Okay, well let's get back to it, shall we? Since I took a two week break, I didn't finish answering all of your great questions regarding querying and finding an agent. Here are a couple more:
Jennie Bailey asked:
How do you whittle your book down to one small paragraph without leaving anything important out? Do you give away your ending? Or keep it secret? I'll be querying by Spring, but I have so much trouble with narrowing it down and getting to the good stuff (yes, I've tried a few times just for practice)!
Technically, you can whittle it down to two paragraphs, maybe even three if they're on the short side. But I understand what you mean. It is really hard to take a huge, 70,000 word novel (give or take ten or twenty thousand words) into a query. That is one reason I say start your query before you write the book if possible. That is when you have your core idea but not all of the details swimming around in your head yet. You will most likely edit and change it once you write the book, but at least you will have a good starting place. If you've already written the book you have to ask yourself two questions: who is my main character (the query should only focus on their story, no supporting cast allowed if at all possible), and what is my hook? The hook is what is going to grab an agent's attention. This is not the place to try and show them how intricate your plot is, or the number of twists you've thrown in. You don't want to confuse them by naming too many characters in those two short paragraphs. It is also not the place to reveal your ending. Save that for a synopsis. Take some of your favorite books and read the jacket copy or back of the book blurb. Which ones sound the best to you? That's basically what you are trying to accomplish with your query. Keep it simple, intriguing--stick to your basic plot and hook, and you've got a query.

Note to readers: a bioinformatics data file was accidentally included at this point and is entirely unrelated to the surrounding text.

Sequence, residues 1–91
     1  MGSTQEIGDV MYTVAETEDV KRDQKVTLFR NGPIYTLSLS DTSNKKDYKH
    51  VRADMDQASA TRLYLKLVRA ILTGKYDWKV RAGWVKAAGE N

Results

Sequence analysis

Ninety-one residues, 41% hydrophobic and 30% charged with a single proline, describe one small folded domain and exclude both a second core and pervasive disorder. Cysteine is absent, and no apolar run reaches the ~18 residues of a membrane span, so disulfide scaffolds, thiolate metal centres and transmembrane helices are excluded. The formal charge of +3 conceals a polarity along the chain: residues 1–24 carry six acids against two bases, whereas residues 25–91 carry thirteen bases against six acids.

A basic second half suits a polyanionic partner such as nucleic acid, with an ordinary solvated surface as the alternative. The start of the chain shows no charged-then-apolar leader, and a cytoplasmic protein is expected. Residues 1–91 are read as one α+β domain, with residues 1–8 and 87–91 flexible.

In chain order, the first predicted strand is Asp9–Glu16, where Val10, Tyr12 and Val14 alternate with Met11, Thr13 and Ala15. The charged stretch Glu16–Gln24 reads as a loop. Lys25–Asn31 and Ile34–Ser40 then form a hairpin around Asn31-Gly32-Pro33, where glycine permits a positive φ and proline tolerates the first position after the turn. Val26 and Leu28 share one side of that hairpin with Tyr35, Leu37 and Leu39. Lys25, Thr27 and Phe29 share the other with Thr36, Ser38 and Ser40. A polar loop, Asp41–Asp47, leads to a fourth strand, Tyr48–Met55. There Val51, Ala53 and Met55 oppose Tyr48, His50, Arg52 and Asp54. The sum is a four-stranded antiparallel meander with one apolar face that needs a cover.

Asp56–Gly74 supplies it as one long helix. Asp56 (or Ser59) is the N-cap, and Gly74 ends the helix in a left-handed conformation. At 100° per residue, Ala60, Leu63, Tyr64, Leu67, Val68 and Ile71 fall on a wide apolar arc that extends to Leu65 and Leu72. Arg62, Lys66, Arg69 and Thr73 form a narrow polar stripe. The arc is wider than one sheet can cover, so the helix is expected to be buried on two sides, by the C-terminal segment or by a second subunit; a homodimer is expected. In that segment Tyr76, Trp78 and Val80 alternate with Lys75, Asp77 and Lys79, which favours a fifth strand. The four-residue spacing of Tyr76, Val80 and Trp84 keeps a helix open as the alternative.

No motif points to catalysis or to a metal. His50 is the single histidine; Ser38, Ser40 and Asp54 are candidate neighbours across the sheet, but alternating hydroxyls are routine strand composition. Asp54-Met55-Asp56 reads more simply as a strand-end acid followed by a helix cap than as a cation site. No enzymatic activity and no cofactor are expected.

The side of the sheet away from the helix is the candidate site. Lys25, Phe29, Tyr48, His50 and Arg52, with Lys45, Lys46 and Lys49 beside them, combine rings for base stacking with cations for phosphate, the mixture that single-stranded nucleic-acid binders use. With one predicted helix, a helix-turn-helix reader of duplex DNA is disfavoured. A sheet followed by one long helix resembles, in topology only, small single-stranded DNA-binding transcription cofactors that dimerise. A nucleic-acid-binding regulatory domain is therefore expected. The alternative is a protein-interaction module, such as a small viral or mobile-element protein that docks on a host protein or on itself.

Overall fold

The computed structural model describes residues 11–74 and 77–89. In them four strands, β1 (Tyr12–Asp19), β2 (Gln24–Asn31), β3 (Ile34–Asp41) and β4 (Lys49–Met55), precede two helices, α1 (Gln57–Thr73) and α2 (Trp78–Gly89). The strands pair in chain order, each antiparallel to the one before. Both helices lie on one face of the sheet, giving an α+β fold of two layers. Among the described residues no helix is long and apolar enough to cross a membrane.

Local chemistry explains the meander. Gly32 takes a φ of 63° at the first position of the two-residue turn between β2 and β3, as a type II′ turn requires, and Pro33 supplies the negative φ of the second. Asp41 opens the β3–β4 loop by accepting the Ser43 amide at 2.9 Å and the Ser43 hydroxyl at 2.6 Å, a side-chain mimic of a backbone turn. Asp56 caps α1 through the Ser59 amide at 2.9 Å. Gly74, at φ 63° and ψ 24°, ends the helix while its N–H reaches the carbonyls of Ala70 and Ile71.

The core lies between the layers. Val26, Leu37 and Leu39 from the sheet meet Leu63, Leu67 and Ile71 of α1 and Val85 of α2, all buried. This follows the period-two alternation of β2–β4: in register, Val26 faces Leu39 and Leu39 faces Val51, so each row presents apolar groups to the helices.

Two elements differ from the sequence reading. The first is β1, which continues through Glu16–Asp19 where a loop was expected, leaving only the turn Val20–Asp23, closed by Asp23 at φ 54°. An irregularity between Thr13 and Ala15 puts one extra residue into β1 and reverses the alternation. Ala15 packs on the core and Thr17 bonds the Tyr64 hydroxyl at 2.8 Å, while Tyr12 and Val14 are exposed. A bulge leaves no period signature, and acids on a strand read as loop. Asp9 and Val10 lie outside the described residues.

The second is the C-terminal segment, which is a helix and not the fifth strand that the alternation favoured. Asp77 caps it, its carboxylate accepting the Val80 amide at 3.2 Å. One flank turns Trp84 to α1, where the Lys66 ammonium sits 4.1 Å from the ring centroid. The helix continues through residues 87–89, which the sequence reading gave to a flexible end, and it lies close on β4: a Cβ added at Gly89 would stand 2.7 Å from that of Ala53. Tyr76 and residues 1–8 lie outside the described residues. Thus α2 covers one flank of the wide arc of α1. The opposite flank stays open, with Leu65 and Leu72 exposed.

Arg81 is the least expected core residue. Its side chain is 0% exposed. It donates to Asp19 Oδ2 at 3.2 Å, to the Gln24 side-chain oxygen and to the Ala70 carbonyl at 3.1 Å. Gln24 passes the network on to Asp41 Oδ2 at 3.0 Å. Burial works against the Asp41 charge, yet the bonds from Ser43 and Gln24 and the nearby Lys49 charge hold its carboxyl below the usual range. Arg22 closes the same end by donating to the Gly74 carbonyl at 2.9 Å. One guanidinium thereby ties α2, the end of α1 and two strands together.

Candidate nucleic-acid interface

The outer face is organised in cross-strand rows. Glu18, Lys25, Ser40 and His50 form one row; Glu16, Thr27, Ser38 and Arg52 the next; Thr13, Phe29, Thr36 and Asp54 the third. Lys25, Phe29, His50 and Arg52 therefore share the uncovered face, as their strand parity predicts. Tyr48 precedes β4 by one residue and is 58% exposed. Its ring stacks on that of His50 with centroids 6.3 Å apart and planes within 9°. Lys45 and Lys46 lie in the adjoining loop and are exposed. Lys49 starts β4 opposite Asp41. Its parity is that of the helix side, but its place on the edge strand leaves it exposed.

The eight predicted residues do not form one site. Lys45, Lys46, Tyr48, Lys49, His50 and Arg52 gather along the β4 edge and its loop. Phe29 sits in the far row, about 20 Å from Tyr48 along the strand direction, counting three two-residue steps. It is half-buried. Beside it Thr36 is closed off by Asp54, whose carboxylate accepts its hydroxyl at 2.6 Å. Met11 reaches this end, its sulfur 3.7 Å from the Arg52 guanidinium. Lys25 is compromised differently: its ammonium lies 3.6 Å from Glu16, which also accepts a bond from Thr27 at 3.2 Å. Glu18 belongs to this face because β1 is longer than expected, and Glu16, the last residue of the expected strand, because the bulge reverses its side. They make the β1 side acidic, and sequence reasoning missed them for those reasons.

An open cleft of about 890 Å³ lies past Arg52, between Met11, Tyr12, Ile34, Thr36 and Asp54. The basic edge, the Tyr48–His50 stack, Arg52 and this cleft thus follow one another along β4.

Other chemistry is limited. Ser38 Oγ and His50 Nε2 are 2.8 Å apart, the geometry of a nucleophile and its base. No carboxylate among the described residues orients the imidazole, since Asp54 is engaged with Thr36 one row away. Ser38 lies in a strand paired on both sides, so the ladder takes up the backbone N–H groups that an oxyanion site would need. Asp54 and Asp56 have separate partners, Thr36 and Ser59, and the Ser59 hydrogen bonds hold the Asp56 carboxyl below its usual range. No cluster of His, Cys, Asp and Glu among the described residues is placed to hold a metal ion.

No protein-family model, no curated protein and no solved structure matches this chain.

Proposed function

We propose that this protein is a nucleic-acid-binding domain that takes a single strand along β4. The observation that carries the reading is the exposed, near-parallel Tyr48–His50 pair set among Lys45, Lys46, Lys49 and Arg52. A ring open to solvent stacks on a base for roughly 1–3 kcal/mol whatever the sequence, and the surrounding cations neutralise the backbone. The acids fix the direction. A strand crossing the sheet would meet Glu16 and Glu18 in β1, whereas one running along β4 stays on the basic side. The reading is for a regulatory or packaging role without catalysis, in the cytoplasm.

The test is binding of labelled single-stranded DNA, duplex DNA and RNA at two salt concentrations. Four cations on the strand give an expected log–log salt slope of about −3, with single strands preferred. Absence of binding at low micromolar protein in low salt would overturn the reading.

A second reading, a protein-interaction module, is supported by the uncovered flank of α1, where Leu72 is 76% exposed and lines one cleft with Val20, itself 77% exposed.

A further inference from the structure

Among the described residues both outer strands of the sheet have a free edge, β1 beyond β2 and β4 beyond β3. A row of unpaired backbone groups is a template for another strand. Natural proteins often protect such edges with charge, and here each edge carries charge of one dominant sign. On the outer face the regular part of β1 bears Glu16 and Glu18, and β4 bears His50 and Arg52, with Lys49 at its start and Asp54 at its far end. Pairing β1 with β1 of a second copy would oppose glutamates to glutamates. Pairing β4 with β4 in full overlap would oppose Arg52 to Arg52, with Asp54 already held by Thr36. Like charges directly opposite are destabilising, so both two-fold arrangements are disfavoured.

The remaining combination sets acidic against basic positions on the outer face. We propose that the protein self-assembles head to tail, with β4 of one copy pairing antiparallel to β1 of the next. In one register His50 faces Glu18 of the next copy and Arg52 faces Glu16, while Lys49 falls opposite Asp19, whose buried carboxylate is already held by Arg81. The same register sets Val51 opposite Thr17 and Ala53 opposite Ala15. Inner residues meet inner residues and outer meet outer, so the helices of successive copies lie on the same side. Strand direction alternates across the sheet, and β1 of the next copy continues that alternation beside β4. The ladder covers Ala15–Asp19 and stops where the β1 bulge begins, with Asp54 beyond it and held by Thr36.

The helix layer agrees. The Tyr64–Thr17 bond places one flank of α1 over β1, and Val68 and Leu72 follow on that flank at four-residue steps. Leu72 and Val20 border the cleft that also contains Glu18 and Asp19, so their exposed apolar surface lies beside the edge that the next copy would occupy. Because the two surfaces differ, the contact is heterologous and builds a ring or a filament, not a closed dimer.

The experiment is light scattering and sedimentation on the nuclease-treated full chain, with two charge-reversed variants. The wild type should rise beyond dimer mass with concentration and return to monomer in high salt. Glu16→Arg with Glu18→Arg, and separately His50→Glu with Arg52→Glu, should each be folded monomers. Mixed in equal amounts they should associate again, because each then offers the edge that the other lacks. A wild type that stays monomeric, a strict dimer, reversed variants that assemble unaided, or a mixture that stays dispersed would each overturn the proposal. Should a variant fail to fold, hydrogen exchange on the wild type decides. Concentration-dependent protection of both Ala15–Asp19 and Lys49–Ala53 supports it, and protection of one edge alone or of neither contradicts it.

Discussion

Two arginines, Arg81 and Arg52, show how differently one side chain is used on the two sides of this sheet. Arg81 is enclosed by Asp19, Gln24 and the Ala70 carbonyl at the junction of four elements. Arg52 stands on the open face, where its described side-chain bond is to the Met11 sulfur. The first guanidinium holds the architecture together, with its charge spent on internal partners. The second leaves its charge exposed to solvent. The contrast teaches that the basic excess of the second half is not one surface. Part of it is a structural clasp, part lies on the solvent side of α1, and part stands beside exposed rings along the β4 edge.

Question: When you get THE CALL, if your brain goes completely blank from mega freaking out excitement, what is the one question you should not forget to ask? Sorry, that's probably totally unfair. No pressure :)
Ha ha, well, I'm going to cheat on this answer so I don't feel any pressure at all. This is why you PRINT OFF YOUR LIST. Your brain will freak out, and you will go blank, and you will have that lovely sheet of paper right there, with all of your questions printed on it, and a pen or pencil in your other hand to write down their answers (or at least jot down notes). Problem solved. But if for some truly horrible, awful, (really, really bad) reason you can't find your paper, I'd say the most important question is to ask them what their thoughts and goals are for your book. That's kind of squishing the "tell me what edits you envision for my book, or is it ready to submit right now?" question together with the, "do you already have an idea of who you are going to submit my book to, and how soon do you hope we'll be ready to go on submission?" questions into one. Honestly, just make sure and be prepared and have your paper ready. They will set up an appointment with you, so it won't take you by surprise or anything.
Well, that's it for now. More to come soon!